‘We have no ability to make concrete promises’: COVID-19’s impact on UBC’s design teams

For many UBC undergraduates, working on a design team provides valuable scientific and professional experience. But the kind of lab work many of these teams undertake is impossible while maintaining physical distancing.

Beginning March 24, UBC has curtailed on-campus research, meaning that any research not considered to be critical has been suspended. Team leaders also have to consider the safety of their team members and those they would typically interact with in the community.

According to Emma Gray, co-captain of the UBC Biomedical Engineering Student Team (BEST), much of their work involves “working directly with clients or patients with disabilities and building them assistive devices to help them tackle everyday life a little bit more easily.”

At the moment, Gray said carrying out that work is difficult or impossible, as much of the work done by UBC BEST is in support of people that are considered to be particularly vulnerable to COVID-19.

“One of our projects, as an example, meets with an elderly woman in Point Grey,” said Gray. “So my understanding is that they’ve suspended all physical contact with her, as would be appropriate.”

“We can’t actually access any of our materials or any of our ongoing projects,” Alistair Bryan, the other co-captain of UBC BEST, added.

But given that UBC BEST members are developing expertise in biomedical engineering, they have the potential to be helpful to companies responding to the crisis.

“We’ve been reached out to by a number of groups of biomedical engineers in Vancouver about helping them with their open-source personal protective equipment and ventilator projects,” said Gray.

A specific role for UBC BEST members in these projects hasn’t been defined yet, but Bryan noted that they are continuously looking for opportunities to contribute their skills.

Other design teams are similarly having to put their current projects on hold.

As building rockets is not considered to be critical research, UBC Rocket has also lost access to its workspace.

“We do a lot of machining, a lot of welding, a lot of manufacturing, building things, testing things, blowing things up — in a safe way,” said Hubert Fortier, a member of UBC Rocket, “[so] a lot of our hands-on work, we can't do anymore for … the foreseeable future.”

Even if they were able to build rockets, they will not have their usual events to launch them at, at least in the short term.

UBC Rocket’s first launch of the year was originally scheduled for June, but Fortier said that the event was cancelled. Looking further ahead, he said there is another rocket launch in August, but its current status is “up in the air.”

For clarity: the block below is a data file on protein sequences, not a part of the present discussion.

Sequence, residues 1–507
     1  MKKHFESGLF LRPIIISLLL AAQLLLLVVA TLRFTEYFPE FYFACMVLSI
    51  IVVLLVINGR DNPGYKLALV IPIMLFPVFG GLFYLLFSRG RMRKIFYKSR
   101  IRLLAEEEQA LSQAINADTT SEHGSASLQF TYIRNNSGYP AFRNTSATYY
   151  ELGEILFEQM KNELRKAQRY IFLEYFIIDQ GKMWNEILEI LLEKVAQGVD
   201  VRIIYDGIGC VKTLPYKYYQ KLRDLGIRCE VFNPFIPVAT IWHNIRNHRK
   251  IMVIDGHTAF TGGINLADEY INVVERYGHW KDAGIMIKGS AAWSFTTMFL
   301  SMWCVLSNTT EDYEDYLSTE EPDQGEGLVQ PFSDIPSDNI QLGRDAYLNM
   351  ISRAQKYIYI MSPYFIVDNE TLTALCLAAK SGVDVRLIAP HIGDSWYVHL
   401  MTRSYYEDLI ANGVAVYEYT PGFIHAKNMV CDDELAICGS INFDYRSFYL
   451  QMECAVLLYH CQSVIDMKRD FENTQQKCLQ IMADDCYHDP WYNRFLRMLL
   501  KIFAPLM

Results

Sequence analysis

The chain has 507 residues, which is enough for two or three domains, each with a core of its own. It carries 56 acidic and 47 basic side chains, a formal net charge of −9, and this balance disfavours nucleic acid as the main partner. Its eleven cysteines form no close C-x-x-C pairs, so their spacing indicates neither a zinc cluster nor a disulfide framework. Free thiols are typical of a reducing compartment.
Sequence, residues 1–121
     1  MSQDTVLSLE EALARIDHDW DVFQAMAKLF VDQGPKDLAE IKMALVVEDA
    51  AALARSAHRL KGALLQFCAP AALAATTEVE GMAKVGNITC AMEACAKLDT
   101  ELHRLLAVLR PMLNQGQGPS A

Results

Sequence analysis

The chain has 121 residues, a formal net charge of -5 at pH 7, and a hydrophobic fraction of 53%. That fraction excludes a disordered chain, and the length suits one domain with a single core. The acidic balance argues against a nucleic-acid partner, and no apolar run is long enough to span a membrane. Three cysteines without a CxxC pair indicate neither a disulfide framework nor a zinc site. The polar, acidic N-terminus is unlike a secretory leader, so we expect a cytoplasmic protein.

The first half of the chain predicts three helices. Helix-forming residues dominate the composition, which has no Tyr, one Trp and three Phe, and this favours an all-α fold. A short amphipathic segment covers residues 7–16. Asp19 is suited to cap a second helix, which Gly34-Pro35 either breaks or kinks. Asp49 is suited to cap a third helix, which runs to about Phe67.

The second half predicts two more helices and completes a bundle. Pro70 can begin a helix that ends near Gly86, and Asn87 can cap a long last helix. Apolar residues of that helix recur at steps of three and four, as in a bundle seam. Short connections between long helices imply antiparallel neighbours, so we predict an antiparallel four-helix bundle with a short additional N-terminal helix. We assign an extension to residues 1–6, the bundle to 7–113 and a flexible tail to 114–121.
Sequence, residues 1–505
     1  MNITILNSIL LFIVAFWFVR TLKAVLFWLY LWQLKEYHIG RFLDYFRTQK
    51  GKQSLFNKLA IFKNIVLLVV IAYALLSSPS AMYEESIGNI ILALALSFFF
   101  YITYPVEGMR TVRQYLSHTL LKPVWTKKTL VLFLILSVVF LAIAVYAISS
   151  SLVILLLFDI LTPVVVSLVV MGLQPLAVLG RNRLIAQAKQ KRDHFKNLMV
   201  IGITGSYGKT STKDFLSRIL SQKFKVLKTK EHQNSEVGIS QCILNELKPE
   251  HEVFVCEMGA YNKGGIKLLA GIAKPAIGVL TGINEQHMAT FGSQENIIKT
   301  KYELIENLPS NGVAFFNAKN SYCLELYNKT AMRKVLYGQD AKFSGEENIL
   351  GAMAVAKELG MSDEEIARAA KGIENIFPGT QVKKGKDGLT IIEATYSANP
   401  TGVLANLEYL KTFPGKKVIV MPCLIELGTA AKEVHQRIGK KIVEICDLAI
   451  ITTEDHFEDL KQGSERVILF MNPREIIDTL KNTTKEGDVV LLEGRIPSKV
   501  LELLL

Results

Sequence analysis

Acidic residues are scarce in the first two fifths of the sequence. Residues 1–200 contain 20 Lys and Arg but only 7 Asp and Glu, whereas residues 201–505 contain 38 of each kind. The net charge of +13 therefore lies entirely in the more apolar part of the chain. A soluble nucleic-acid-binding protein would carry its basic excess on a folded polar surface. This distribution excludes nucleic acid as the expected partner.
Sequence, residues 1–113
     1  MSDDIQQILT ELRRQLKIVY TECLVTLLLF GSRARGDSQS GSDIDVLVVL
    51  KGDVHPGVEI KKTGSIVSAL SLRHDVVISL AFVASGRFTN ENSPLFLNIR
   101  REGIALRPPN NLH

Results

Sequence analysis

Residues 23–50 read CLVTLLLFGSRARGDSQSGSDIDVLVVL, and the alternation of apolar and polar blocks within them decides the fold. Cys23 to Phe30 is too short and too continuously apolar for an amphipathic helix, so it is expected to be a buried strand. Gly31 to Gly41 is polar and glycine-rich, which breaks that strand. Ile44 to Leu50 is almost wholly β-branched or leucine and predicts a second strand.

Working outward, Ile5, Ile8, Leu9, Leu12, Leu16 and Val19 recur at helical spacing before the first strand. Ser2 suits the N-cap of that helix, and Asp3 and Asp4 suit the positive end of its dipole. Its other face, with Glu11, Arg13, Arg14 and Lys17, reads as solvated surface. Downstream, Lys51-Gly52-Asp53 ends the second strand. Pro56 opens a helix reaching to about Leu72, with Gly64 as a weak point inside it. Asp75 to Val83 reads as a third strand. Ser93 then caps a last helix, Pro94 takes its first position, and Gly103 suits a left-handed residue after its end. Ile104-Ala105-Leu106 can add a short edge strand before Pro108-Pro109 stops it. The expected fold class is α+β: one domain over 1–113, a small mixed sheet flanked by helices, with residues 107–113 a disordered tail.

Instead, to prepare for both that competition and one scheduled for December, Fortier said they “can do things to the extent of just design work on our laptops or anything that doesn’t require hands on, going to campus.”

For UBC iGEM, a design team that typically does much of their work in molecular biology lab space, the research curtailment also necessitates a drastic change of plans.

“We sort of, in the past month or so, settled on this project idea where we wanted to engineer algae to produce micronutrients for long term space travel,” said UBC iGEM Co-Director Samuel King, who noted that the project would be entirely lab based.

“We pretty much were forced to do something entirely different.”

Nonetheless, the team is looking at ways to work around the restrictions and produce a project. It might just have to be one that takes more of a computational approach.

“We still have ample time to switch things up and figure something new out,” said King.

UBC design teams also often rely on funding from both university departments and the private sector. King expressed concerns about the effect of the developing financial crisis on their ability to secure the necessary funding for their project.

“We're really worried that biotech companies, UBC departments will be a lot less willing to give us money, since they're already losing so much money as it is,” he said.

Ultimately, the ongoing uncertainty is a challenge for both collaborating with stakeholders and keeping members engaged.

“We have no ability to make concrete promises to anybody because we don’t know when we’re going to get access to our lab space again, we don’t know when we're going to get access to all of our supplies again,” Bryan said.